Image via Borkin et alIt may surprise some readers that’s there’s a thriving academic discipline concerned with quantifying the effectiveness of information visualization techniques. As John Wihbey notes, “by applying some cognitive and behavioral science”, we can get beyond some of the “rules”, and often subjective criticisms of visualization to see what works in an experimental setting.
In a fascinating paper, Michelle Borkin asked subjects to look at a selection of visualizations from the Massviz corpus while tracking their eye movements, and then later asked them to describe in detail what they recalled of the visualizations.
So what did the study find?
Image via Borkin et al1) Visualizations that are memorable “at-a-glance” have memorable content.
A visualization that can be quickly taken in and understood (and with little eye movement) also appears to be easiest to recall later on.
2) Titles and text are key elements in a visualization and help recall the message.
The study found that titles attract people’s attention, and that people spend most of the time looking at the text in the visualization. It suggests that readers dwell upon the content of the title / text while taking in the visual and it helps with recognition and recall. In fact, you can see in the chart above, that the title was the most often mentioned aspect of a visualization during recall.3) Pictograms do not hinder the memory or understanding of a visualization.
Pictograms or “human recognizable objects” (think icons representing water, education, food etc.) can act as “visual hooks” into the memory and aid recall in addition to or instead of text. The study does note however that pictograms that are unclear or don’t relate to the visualization’s message “produce confusion and misdirect attention”4) Redundancy helps with visualization recall and understanding.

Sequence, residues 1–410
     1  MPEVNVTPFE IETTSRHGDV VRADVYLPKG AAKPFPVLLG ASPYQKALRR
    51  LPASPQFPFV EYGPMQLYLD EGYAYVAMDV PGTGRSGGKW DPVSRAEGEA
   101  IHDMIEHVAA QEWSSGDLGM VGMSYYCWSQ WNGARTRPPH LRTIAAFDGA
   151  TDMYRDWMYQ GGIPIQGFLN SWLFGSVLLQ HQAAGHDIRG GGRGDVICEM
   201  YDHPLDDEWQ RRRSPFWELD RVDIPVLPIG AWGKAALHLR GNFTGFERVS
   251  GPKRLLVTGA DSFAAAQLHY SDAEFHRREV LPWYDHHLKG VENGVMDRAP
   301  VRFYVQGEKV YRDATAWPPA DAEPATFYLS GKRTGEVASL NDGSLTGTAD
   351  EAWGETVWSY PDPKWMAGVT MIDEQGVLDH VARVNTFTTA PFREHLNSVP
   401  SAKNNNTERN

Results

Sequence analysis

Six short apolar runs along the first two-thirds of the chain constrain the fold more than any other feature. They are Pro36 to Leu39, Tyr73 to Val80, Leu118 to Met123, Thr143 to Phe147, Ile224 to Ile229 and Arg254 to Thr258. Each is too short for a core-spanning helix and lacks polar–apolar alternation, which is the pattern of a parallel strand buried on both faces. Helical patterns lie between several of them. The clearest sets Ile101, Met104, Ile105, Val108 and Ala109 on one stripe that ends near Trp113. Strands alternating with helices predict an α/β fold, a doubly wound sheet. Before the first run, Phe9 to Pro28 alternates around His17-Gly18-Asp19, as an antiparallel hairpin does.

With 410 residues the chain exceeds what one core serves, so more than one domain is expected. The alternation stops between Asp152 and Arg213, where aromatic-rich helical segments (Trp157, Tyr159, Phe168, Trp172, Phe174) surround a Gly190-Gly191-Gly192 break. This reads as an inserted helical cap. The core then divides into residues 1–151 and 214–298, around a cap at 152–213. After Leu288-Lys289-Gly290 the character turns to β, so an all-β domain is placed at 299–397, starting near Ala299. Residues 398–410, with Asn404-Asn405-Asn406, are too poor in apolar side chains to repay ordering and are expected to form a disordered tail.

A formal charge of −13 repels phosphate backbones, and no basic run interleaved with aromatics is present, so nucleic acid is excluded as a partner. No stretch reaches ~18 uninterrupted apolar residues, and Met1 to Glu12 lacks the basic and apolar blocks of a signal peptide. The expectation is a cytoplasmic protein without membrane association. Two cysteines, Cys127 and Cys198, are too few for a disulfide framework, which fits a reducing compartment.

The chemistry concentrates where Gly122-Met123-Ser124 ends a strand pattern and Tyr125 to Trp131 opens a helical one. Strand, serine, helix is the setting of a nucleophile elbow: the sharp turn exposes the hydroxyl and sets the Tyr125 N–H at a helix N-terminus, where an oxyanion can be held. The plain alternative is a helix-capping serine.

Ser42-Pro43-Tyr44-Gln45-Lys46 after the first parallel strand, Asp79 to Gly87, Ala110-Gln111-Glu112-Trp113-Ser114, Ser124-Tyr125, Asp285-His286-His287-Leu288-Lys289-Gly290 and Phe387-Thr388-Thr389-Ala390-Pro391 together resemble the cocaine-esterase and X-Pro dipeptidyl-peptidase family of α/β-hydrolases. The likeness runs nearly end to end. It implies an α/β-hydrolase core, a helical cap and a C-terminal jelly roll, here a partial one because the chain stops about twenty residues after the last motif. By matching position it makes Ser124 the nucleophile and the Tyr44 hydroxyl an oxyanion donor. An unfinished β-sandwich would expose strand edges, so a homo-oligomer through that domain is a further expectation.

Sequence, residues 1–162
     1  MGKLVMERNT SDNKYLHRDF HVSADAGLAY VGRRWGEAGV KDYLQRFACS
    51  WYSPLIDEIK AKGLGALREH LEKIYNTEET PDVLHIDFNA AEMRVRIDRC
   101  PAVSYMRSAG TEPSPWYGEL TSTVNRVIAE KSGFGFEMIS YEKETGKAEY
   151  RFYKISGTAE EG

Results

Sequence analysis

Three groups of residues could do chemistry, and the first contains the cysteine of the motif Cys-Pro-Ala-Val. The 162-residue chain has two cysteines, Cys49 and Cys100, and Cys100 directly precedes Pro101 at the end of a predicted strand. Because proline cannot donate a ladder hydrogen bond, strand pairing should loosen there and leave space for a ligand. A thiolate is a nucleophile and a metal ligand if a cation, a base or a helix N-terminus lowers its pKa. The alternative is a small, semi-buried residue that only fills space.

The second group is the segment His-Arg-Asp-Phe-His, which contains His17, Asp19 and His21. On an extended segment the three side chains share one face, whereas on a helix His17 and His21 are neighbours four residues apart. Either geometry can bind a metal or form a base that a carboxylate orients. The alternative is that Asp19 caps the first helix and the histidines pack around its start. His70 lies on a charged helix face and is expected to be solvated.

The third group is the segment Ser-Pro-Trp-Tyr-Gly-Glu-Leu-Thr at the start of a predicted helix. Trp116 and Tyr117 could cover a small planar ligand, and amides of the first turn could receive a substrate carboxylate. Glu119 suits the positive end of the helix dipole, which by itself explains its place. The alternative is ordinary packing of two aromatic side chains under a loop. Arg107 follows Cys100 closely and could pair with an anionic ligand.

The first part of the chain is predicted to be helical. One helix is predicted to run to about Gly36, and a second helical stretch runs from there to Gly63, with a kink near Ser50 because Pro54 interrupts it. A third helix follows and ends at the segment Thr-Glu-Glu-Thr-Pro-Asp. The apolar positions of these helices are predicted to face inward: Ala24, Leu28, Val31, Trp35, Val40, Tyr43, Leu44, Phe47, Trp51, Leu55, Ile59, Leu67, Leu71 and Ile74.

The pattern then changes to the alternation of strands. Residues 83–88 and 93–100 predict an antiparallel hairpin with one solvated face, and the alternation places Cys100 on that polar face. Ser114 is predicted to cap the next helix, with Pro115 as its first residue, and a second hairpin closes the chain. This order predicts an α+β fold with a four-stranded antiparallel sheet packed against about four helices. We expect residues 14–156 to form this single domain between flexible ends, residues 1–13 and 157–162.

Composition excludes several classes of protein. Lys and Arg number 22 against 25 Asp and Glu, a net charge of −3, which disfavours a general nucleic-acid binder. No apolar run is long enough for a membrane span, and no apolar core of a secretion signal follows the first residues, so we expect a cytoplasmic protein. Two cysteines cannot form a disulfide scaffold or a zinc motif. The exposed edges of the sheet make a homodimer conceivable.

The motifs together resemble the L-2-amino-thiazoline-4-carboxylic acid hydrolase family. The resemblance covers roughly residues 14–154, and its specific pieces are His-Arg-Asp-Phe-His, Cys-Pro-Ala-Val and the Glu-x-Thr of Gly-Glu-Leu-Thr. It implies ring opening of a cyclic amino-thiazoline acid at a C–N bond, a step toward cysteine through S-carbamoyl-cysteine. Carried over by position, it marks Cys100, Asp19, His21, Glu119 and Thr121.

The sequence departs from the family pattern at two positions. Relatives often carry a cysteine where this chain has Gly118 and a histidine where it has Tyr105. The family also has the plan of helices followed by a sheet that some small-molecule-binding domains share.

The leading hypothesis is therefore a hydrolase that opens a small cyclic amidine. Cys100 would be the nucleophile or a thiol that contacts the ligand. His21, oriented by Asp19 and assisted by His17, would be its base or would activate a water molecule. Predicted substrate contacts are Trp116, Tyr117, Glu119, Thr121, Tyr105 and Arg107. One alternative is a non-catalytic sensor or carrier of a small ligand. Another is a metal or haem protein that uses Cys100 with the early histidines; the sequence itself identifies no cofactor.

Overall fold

Including redundancy or repetition of data and messages in a visualization contributed to a better understanding of the visualization during recall.
What should you do differently when visualizing data?What’s interesting is that these findings “quantitatively support many conventional qualitative design guidelines” so if you’re already on top of these - good news - you can keep on doing what you’re doing!
I often help out colleagues with making charts, graphics and data visualizations for the web and my first piece of advice is always to start with a great title or headline. There’s a lot to take away from Michelle’s work but if you take just one thing, take this.